Amusingly, you neglected to specify "the vehicle stops" -- and rightly 
so, because of course having to stop the vehicle is not a *necessary* 
condition for exiting it, as tens of thousands of stunt men and women can 
attest.

Not to mention people parachuting out of an airplane, pirates or 
commandos boarding a moving ship, pedestrians transferring from a slow 
moving walkway to a faster moving walkway, farmers jumping off a trailer 
while it is still being towed behind a tractor (and jumping back on 
again), and Bruce Willis in "Red" in very possibly the best slow-motion 
action sequence in the history of Hollywood.

http://www.youtube.com/watch?v=xonMpj2YyDU


> At no time during the trip would anyone expect you to leap from the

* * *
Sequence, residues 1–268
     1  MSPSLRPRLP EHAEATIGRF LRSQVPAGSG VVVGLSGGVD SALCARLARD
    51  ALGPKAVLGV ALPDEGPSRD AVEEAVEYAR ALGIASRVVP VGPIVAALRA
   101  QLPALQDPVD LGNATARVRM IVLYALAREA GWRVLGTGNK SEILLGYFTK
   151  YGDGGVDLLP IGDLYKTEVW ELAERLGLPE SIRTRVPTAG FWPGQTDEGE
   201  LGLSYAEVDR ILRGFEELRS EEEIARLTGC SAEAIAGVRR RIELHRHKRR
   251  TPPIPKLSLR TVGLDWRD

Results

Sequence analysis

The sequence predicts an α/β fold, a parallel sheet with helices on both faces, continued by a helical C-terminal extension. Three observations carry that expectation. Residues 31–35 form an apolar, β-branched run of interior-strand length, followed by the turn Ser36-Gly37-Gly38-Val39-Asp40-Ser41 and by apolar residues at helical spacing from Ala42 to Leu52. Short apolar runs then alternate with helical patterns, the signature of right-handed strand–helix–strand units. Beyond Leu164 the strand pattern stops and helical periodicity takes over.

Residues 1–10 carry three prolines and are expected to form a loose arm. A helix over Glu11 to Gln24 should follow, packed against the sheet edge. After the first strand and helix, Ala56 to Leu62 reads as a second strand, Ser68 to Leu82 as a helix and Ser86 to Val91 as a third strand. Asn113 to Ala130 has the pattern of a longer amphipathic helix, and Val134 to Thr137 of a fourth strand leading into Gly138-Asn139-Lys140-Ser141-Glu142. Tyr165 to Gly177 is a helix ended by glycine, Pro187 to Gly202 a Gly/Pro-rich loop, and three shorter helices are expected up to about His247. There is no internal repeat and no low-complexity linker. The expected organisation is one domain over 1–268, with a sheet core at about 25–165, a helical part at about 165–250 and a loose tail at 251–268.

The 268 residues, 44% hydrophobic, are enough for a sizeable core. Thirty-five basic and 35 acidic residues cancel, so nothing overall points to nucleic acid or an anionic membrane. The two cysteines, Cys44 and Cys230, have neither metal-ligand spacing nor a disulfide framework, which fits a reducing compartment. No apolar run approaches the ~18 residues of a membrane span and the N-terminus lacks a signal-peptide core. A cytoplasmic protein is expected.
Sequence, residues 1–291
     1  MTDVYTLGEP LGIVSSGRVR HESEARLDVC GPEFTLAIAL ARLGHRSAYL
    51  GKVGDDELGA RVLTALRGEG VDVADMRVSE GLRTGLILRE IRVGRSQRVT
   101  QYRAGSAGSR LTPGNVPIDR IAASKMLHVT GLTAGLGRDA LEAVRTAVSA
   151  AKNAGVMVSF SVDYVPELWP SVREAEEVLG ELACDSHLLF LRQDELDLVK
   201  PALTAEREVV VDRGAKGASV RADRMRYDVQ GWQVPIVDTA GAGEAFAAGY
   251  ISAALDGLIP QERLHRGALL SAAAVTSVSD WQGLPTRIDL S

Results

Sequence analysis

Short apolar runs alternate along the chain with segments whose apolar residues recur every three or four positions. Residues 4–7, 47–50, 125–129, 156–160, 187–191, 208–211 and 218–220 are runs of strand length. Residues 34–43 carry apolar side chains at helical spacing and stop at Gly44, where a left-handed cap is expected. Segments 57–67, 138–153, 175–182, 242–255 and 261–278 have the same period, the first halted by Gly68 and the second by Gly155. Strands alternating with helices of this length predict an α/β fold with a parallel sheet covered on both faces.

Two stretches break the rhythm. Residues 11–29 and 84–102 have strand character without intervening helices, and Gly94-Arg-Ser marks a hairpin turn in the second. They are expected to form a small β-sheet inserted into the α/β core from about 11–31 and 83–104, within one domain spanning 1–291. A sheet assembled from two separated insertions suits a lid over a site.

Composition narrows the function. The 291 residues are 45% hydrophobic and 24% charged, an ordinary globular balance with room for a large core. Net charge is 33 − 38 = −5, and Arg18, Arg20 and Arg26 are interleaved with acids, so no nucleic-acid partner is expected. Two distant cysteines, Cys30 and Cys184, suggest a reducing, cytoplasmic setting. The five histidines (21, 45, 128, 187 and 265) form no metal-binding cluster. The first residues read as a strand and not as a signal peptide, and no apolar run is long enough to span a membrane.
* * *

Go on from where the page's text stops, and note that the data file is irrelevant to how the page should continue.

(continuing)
> vehicle. 

Expected or not, you can do so.


> But when you delete open files, you are essentially leaping
> from the moving vehicle! This behavior goes against all expectations of
> consistency in an API -- and against all sanity when riding in a
> vehicle!

Fortunately, files on a file system are not cars, and deleting open files 
is a perfectly reasonable thing to do, no more frightening than in Python 
deleting a reference to an object using the del statement. Imagine how 
stupid it would be if this happened:


py> x = 42
py> y = x
py> del y
Traceback (most recent call last):
  File "<stdin>", line 1, in <module>
DeleteError: cannot delete reference to object '42' until no other 
references to it exist


Fortunately, Python doesn't do that -- it tracks when the object is no